Unipolar and bipolar depression: different or the same?

Daniel J. Smith , Nick Craddock
  • Declaration of interest

    D.J.S. has received honoraria for speaking at educational meetings organised by AstraZeneca and Eli Lilly.

Abstract

The diagnostic boundary between recurrent unipolar depression and bipolar disorder may not be clear-cut and, further, the symptoms of unipolar depression compared with bipolar depression (although similar) are subtly different. Here we review the potential implications for clinical practice and research of new thinking about the relationship between recurrent unipolar depression and bipolar disorder.

Two commonly held beliefs about the relationship between unipolar depression (major depressive disorder) and bipolar disorder are being challenged by a converging body of research from a variety of disciplines including epidemiology, psychopathology and molecular genetics. The first assumption is that recurrent major depressive disorder and bipolar disorder are clear-cut and easily separable diagnostic entities. The second is that there is no difference in the symptom profile of unipolar v. bipolar depression. Recent evidence, including the work of Mitchell and colleagues1 (this issue), suggests that we may need to acknowledge that both of these assumptions are no longer correct. This is not merely a matter of academic interest but has potentially far-reaching implications for the clinical assessment and management of large numbers of patients with depression worldwide.

Is there a clear zone of separation between unipolar and bipolar depression?

Several recent epidemiological and psychopathological studies have found that manic symptoms, occurring at an intensity and duration just below the DSM-IV diagnostic threshold for a diagnosis of hypomania, are relatively common in patients who experience recurrent episodes of depression that are presumed to be ‘unipolar’.2-6 As a consequence, it appears likely that there will be a slightly broader definition of hypomania - and therefore bipolar disorder - within DSM-5 (www.dsm5.org). This means that a substantial proportion of patients currently diagnosed as having major depressive disorder may qualify for a bipolar disorder diagnosis. It is easy to see that this shift in diagnostic category will have major implications for the way in which we approach the assessment, diagnosis and management of large numbers of patients presenting for help with recurrent depressive symptoms. It may present particular challenges within primary care, with many general practitioners holding a view that diagnosing bipolar disorder goes beyond their remit. Indeed, some general practitioners may already feel that manifestations of bipolar disorder beyond ‘classic’ (type I) bipolar disorder are not valid as clinical entities.7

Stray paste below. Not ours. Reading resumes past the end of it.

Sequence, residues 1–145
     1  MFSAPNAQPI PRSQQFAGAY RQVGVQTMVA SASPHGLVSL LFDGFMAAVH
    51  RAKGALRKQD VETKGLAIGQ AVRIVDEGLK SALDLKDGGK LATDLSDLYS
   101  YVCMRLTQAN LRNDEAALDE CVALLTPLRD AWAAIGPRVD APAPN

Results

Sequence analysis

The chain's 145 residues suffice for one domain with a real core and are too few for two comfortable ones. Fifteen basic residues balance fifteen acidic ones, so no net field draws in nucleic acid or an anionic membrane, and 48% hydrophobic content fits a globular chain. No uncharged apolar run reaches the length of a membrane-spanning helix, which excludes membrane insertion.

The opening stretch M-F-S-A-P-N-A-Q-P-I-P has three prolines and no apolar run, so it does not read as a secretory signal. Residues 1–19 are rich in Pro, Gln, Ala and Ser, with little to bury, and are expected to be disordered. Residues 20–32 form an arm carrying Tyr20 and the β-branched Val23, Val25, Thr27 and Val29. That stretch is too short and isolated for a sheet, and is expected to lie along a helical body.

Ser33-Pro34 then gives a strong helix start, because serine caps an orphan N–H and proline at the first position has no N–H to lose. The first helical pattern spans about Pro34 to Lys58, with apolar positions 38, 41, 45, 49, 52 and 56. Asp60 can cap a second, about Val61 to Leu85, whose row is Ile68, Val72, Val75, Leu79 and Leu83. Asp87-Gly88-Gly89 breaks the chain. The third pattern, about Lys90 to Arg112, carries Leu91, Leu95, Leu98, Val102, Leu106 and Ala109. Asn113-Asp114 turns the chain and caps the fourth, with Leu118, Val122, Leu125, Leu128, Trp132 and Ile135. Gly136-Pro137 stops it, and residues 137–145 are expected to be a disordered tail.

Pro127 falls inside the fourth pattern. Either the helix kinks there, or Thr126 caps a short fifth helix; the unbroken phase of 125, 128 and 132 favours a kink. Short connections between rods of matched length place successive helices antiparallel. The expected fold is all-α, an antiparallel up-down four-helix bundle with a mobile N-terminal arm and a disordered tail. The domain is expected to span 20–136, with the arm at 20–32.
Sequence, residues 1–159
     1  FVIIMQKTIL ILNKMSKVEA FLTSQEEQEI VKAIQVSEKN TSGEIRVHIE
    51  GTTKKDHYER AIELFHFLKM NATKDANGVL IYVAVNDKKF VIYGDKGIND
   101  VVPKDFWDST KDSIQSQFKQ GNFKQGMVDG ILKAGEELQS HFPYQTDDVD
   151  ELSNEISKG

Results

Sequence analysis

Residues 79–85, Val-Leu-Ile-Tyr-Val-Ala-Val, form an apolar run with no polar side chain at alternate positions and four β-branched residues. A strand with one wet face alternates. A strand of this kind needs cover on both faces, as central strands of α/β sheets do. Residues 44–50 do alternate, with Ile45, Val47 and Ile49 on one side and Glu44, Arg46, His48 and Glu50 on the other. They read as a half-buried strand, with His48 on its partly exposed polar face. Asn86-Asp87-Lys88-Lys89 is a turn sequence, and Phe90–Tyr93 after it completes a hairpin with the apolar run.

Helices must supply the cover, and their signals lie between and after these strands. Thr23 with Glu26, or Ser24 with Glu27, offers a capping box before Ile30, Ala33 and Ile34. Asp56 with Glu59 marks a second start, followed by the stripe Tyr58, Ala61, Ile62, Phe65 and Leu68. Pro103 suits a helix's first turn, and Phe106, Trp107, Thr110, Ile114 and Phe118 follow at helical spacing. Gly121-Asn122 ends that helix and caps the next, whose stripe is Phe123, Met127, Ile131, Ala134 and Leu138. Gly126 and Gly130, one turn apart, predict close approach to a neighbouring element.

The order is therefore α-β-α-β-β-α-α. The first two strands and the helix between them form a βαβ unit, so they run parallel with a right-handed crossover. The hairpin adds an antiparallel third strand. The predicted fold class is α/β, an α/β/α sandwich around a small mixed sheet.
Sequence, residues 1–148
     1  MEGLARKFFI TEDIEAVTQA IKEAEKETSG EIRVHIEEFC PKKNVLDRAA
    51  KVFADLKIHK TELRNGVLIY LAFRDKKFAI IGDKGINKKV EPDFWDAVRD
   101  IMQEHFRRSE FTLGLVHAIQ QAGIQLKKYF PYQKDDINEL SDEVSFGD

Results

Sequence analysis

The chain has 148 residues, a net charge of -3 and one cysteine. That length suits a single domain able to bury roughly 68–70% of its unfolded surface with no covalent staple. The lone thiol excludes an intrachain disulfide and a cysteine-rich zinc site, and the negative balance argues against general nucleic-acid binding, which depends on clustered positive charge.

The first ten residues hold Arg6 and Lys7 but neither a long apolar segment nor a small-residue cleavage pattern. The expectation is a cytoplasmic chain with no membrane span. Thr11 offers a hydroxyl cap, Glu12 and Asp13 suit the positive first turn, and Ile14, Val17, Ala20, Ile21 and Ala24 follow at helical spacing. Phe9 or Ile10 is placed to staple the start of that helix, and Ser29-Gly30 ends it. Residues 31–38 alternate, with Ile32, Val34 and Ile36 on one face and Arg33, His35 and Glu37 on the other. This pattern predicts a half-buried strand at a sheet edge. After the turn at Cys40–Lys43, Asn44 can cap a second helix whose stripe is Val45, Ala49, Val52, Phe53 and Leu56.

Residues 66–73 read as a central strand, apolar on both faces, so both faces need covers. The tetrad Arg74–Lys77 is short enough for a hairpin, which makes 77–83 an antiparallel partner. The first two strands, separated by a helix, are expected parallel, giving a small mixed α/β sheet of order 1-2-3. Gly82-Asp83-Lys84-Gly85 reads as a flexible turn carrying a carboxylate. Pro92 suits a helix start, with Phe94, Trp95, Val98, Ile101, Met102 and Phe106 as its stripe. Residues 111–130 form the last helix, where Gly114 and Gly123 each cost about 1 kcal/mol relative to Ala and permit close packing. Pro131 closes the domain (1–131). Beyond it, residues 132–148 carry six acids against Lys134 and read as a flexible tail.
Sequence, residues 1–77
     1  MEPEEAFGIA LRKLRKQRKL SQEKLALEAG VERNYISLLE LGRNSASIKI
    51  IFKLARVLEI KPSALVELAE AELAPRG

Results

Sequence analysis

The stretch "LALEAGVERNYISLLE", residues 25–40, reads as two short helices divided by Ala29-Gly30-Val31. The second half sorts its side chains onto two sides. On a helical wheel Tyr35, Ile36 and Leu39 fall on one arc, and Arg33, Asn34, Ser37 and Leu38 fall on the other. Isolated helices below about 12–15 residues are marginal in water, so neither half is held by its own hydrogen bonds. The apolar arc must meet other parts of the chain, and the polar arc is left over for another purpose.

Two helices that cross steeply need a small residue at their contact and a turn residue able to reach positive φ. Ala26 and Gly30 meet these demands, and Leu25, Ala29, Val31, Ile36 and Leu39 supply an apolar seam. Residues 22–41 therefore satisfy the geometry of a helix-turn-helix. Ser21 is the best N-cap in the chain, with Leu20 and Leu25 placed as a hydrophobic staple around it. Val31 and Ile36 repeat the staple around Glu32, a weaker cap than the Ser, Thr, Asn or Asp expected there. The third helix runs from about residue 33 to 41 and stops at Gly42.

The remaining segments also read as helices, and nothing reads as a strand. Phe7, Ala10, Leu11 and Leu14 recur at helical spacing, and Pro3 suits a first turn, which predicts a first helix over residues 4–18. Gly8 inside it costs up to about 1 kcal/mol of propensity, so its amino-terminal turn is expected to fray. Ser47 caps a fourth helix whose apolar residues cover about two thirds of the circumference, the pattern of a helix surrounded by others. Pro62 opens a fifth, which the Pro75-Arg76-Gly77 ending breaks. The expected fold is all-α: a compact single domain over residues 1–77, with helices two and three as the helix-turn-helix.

Are the clinical syndromes of unipolar and bipolar depression the same?

Mitchell and colleagues present an elegant comparison of the clinical course and symptom profile of bipolar v. unipolar depression from a large genetic study of bipolar disorder.1 In line with several similar reports,8-10 they find that, as well as many similarities, there are also subtle differences between the clinical syndromes of unipolar and bipolar depression. These differences include symptoms such as higher rates of psychomotor retardation, greater difficulty thinking, more early morning awakening, more morning worsening of mood and more frequent psychotic symptoms in bipolar depression relative to unipolar depression.11 A possible limitation of Mitchell et al's study is that participants were required to report in retrospect the profile of their depressive symptoms occurring during their worst-ever depressive episode, something that is obviously open to recall bias. Nevertheless, there exists a growing body of research suggesting that we need to develop and test diagnostic approaches to bipolar disorder which go beyond merely screening for a history of hypomania or mania. The key point is that not all depressions are the same and that detailed features of the depressive episode itself can contribute to accurately assessing the clinical picture.

Furthermore, the relatively broad DSM diagnostic criteria for a major depressive episode may in recent years have led to many individuals who experienced depressive symptoms on only one occasion being diagnosed with depression when in fact adjustment disorder could be regarded as the more appropriate diagnosis. As pointed out by Kraepelin (and re-stated recently in Goodwin & Jamison's classic text on manic-depressive illness12), recurrent depression may be nosologically separate from a single lifetime episode of depression and much more closely related to a spectrum of bipolar disorders.

Implications for diagnosis and management